Thursday, February 27, 2020

Taking a Stand: Building the Other Half of Your Coaching Philosophy

If you were unable to watch my recent AVCA webinar, here it is!

And here's a link to the video on Vimeo (thanks for posting it, AVCA).

And here's a PDF of my slides.


  1. Eduardo, another well planned out & thought-provoking session! Thanks for sharing it with those of us who couldn't watch yesterday. I'd like to present this for you to ponder. You talked about learning being multidirectional, not just from coach to athlete, but from athletes to coaches. And you also referred to "Not being an athlete's last coach". What I'd like to present for consideration & possible discussion is, given the above & the higher recent rate of coach burnout, should there be any ownace for athlete's to "Not be a coaches last athlete"?

    1. Thanks for watching and for the question.
      I think that each of us should be mindful of how our behavior affects those around us. I also think that almost all the power in coach-player relationships resides in the coach. Even when a coach gives athletes a great deal of autonomy, the power to give and take that freedom lies in the coach. With that in mind, I think that it is important that we recognize this power imbalance. This idea frames most of how I view your question.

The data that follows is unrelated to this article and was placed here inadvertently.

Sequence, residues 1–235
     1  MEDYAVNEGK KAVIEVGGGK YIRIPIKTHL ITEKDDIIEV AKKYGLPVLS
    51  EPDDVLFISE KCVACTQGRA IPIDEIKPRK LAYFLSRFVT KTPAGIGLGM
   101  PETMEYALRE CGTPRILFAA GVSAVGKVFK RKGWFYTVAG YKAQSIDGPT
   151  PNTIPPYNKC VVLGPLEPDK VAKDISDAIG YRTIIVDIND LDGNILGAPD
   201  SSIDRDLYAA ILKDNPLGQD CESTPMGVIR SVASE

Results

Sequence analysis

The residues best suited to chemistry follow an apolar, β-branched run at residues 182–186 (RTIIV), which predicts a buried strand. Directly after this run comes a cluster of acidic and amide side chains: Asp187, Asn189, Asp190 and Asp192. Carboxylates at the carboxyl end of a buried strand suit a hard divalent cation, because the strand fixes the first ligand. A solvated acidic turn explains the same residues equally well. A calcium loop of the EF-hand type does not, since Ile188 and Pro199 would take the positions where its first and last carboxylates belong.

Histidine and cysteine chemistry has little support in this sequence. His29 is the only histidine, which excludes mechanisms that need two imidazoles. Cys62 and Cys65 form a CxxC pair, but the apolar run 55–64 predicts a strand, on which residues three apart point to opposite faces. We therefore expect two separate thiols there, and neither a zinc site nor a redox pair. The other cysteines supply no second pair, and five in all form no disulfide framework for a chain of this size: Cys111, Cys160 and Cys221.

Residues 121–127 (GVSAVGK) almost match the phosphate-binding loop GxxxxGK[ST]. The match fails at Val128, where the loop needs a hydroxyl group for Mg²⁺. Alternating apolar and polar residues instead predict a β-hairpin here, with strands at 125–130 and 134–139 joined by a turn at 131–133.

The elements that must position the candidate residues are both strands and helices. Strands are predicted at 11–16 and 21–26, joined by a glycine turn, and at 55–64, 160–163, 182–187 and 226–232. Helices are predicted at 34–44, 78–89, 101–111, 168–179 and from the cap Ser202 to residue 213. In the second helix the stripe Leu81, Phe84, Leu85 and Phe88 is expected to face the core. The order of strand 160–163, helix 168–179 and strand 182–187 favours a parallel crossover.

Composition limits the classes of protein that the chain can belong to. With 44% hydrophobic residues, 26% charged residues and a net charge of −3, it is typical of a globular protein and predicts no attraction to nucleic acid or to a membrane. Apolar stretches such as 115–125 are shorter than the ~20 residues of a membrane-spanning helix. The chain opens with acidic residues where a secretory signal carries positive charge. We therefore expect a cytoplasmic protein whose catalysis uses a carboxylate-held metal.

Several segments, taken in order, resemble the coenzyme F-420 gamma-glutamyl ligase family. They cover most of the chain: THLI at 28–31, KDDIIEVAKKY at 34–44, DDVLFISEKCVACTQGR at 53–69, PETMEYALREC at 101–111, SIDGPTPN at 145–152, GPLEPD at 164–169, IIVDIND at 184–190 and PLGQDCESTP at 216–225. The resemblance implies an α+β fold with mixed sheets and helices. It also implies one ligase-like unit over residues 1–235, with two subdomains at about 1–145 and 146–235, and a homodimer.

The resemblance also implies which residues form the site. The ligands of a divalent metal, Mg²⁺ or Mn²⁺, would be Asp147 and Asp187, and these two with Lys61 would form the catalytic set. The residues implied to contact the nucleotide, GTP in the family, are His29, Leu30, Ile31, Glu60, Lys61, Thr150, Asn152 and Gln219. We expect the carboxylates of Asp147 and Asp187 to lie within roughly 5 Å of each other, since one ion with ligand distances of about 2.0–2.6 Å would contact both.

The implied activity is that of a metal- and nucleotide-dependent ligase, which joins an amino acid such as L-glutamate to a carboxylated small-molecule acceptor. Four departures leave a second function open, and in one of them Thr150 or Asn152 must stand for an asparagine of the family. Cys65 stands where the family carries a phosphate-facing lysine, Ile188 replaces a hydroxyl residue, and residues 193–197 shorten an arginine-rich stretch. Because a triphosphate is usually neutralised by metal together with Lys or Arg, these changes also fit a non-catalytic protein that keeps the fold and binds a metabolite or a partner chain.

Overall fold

I think that athletes in our care should be aware of and held accountable for their behaviors. I also think that I usually have much more experience in relationships than the athletes. If that is the case, then I think it is incumbent on me to help them understand how their behaviors affect others. I choose to treat the athletes as learners, even when they behave in ways that affect me negatively. I couple that with the Stoic idea that I can control my response to a situation much more than I can control the situation itself.
      If an athlete treats me in a manner I think is inappropriate or inconsiderate, I want to let them know that the behavior is unacceptable. I think that I should also have a clear explanation for why it was. There is a line between "because I'm in charge" and "I hope one day you'll better understand" when I impose boundaries and I want to do my best to offer the latter than the former.
      So, yes, I do think that athletes bear responsibility for their actions. I also am responsible for my own actions and ultimately, those are the only ones over which I have full control.


Academic Quick Hit: Ventral and Dorsal Contribution to Visual Anticipation in Fast Ball Sports - Simon Bennett, ed 2008

Where I attempt to give a quick summary and opinion on an academic paper that connects to teaching, learning, and/or sport. Why I think...